I chose green tea as an example because it is a good mimic for cannabis plant material; if NIST can put together good green tea matrix reference materials it should be able to issue good cannabis matrix reference materials such as for cannabis plant material. Except that they can’t. Because of the perversion in the way cannabis is regulated in the US, anything with more than 0.3% total THC is illegal at the federal level. It would be illegal for NIST, being a federal agency, to ship matrix reference materials with greater than 0.3% total THC in it across state lines. Hence, the lack of NIST issued cannabis matrix reference materials. This means there are no true values available for cannabis potency analysis. This is why I say that accuracy in cannabis potency measurements is a myth. It will take rationalization of cannabis regulation, and legalization at the federal level, for this problem to be solved.
Again, accuracy is a measure of how far off you are from the true value, and in cannabis potency analysis those true values must be supplied by appropriate matrix reference materials. Currently, there are no appropriate cannabis reference materials available, for example, there are no known true values. And again, this is because we have no way of validating sample extraction methods. How then can we calculate accuracies in cannabis potency analyses? We can’t! The proof that varying methods cause variations in potency analyses of the same sample has been well documented (8).
I realize that any number of research groups and professional organizations are working on or have published cannabis potency methods, but no two of these methods are the same, and lacking appropriate matrix reference materials we have no way of knowing whether some, none, or all of these methods are accurate. I strongly encourage these groups and organizations to stop work on all their different methods, wait until there are appropriate cannabis matrix reference materials available, and then work together to promulgate a single cannabis potency method that our industry can use.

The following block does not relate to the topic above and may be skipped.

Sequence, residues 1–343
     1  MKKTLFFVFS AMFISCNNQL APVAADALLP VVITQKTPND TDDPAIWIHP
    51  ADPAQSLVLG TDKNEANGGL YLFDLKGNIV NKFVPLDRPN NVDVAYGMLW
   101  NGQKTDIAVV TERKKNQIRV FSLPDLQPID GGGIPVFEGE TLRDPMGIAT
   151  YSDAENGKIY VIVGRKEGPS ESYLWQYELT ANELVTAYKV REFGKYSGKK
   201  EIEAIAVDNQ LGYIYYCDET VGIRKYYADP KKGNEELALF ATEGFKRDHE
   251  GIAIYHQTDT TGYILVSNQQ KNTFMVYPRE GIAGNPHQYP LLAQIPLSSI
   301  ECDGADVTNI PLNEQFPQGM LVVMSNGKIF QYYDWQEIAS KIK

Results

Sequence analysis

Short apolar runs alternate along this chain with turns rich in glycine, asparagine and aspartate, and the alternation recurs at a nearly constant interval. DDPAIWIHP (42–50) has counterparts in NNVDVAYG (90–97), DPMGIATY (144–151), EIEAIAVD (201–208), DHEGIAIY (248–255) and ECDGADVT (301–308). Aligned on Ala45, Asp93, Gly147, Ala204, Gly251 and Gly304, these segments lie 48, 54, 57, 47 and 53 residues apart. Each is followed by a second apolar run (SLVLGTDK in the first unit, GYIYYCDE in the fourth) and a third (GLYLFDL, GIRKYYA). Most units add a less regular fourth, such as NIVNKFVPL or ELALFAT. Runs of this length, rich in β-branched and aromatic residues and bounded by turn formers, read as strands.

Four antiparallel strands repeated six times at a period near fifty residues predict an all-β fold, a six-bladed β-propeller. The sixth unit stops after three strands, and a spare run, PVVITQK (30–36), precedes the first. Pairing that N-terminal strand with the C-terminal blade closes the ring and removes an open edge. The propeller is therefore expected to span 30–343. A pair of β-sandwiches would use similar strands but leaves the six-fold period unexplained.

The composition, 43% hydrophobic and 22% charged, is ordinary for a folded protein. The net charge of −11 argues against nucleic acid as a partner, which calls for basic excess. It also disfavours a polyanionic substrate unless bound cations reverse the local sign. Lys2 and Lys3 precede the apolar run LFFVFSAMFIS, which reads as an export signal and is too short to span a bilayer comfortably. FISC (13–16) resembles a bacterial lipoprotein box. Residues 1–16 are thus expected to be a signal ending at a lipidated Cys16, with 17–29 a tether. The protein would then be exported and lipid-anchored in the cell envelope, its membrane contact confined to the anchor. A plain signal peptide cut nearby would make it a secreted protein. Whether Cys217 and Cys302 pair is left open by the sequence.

At the end of the day, the lack of appropriate cannabis matrix reference materials means that we have no way of measuring potency accuracy in the cannabis industry. This means that potency measurements made with different methods or with different instruments cannot be compared to each other. Think about that for a little bit. Measurements made by different third-party laboratories cannot be compared to each other, and even measurements made by the same laboratory using the same method but on different instruments cannot be compared to each other. This can lead to any number of problems.
As many of you know, I have done extensive research on the application of mid-infrared spectroscopy to cannabis analysis (8-14). The lack of appropriate cannabis matrix reference materials has given me no end of trouble in my attempt to gain converts to this method. Here are two stories: